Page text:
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Muslim Women Who Wear Hijabs Are Fearful Of Backlash After Attacks


These are tense times for many American Muslims after the attacks in Paris and San Bernardino, which were both carried out by Islamic radicals. Some Muslims say they're worried about displaying outward signs of their faith, praying in public or wearing the hijab, the women's head covering. This is Hosai Mojaddidi. She's a mom in Irvine, Calif.

HOSAI MOJADDIDI: The day of the unfortunate incident in San Bernardino, I received a text message from a good friend of mine who's been wearing hijab for 20-plus years, almost as long as I have, and she basically expressed to me that her husband told her that if these suspects did turn out to be Muslim that he wanted her to remove her hijab. And she was very distraught and clearly just emotional even in the text.

GREENE: Now I asked Hosai if her friend was angry at her husband for telling her what to do, and she said no. Her friend was worried about her own safety and angry that she might have to stop covering her head because of events that had nothing to do with her. Hosai decided that she was going to write a Facebook post that ended up being shared more than 2,400 times. She offered advice, suggesting that women might want to, say, keep a baseball cap or a wrap with them in case they wanted to cover the hijab.

GREENE: So you're suggesting that women keep wearing a hijab but do things to sort of...

MOJADDIDI: Disguise.

GREENE: ...Make it less obvious? Disguise, OK, what do you mean by that?

MOJADDIDI: Yes, absolutely. I mean, I felt that, you know, Muslim women who cover, we obviously do it. It's our own personal conviction for God. So I didn't want to tell anybody to change their beliefs. You know, cover as you do, but if you're feeling unsafe, especially - I really focused on in the car because myself and many people that cover, we've had a lot of incidents actually happen on freeways and on roads, where people just, you know, drive up to you, drive behind you, honk, flip you off just because you look differently. And I didn't want to have anybody go through that.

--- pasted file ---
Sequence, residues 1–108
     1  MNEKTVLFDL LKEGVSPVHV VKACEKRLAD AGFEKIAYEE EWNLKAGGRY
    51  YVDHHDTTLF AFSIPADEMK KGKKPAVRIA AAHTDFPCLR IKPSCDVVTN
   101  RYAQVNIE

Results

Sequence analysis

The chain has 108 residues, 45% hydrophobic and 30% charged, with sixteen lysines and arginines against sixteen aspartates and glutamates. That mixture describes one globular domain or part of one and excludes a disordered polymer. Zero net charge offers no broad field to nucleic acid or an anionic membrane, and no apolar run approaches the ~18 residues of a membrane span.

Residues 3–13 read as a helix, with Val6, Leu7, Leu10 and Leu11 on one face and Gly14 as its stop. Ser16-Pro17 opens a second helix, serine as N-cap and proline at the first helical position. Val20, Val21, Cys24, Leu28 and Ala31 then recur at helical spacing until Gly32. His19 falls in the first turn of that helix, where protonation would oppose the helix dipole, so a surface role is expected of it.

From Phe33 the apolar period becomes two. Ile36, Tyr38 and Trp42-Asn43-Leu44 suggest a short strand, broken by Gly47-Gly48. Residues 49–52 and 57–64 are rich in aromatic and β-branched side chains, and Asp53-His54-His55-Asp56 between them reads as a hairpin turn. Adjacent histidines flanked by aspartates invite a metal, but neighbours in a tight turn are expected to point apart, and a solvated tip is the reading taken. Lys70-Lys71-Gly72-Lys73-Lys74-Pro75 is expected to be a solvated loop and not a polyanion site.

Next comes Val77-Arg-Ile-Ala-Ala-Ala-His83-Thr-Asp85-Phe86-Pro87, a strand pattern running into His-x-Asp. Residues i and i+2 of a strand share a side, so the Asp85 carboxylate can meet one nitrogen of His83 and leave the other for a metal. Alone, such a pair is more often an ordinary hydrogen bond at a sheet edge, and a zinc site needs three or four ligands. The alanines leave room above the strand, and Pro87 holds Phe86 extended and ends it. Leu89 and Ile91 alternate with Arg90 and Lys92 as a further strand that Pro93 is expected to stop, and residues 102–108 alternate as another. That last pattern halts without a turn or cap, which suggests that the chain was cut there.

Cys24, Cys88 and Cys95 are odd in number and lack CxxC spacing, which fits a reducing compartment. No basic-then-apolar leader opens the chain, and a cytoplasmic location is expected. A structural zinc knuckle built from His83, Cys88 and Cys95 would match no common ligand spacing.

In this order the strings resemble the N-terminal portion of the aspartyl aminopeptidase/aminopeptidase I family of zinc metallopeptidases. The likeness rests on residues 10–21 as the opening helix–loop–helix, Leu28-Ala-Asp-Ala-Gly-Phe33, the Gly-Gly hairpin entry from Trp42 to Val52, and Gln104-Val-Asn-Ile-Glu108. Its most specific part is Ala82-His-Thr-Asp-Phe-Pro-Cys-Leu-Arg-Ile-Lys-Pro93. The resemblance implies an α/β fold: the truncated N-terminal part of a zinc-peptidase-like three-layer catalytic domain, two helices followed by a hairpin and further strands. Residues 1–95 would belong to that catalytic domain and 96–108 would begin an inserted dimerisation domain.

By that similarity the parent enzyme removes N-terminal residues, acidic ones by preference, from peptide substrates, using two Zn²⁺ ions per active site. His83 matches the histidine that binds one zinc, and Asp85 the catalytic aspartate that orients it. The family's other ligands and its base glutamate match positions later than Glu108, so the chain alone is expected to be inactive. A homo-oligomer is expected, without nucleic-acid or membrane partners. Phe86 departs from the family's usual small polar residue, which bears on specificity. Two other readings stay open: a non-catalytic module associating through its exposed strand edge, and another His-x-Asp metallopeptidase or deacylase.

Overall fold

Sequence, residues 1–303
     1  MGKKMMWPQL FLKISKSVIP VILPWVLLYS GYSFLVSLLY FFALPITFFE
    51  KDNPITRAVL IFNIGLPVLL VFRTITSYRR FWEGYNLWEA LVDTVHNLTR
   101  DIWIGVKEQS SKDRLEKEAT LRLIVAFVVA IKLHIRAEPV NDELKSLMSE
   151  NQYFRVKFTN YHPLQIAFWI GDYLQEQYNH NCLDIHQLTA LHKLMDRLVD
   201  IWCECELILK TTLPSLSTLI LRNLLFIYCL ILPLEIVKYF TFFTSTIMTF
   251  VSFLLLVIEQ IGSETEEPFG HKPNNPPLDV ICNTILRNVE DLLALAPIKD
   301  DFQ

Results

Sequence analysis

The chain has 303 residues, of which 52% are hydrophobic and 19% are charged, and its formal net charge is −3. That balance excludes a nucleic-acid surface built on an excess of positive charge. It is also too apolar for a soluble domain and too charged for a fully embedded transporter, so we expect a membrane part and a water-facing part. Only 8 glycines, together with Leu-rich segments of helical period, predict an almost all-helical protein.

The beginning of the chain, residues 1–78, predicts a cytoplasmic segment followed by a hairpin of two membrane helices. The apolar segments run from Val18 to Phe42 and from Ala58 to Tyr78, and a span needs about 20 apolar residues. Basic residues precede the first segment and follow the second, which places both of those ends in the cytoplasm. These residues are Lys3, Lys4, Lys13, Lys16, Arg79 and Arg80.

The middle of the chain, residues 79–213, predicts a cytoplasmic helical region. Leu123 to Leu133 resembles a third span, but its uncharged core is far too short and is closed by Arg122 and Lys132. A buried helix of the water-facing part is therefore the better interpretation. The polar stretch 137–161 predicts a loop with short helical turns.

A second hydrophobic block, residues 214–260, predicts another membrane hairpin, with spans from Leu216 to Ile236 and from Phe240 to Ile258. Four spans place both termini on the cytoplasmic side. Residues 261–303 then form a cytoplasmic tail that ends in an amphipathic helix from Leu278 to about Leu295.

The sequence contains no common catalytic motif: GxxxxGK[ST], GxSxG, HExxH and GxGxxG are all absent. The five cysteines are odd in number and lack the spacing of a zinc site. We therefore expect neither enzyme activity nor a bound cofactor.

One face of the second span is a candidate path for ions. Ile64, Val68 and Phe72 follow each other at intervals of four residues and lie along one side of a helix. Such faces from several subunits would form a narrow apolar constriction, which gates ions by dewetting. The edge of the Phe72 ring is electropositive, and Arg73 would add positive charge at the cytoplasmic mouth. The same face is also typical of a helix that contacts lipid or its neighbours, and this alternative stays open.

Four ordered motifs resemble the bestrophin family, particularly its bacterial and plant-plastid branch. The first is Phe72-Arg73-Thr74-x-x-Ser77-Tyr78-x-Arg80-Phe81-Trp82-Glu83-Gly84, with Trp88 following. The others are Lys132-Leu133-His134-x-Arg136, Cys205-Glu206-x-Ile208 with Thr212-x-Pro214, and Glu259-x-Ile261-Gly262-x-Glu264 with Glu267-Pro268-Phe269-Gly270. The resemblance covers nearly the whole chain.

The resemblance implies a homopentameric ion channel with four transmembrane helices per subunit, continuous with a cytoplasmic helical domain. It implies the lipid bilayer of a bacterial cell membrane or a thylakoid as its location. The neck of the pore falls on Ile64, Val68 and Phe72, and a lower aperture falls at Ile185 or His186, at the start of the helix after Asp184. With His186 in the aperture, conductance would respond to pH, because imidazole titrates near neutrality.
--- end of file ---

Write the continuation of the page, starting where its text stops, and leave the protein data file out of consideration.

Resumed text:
GREENE: Does that happen all the time that, I mean...

MOJADDIDI: It does happen very frequently. Just recently, this man drove up behind me. He sped up really quickly behind me in a big pickup truck, and I - it came out of nowhere. I was with my kids, they were in the back seat, and I didn't know what had happened. He started honking, and then he got into the lane next to me, rolled down his window, cussed at me, called me a terrorist and a bunch of other things. Then he turned right and just drove off.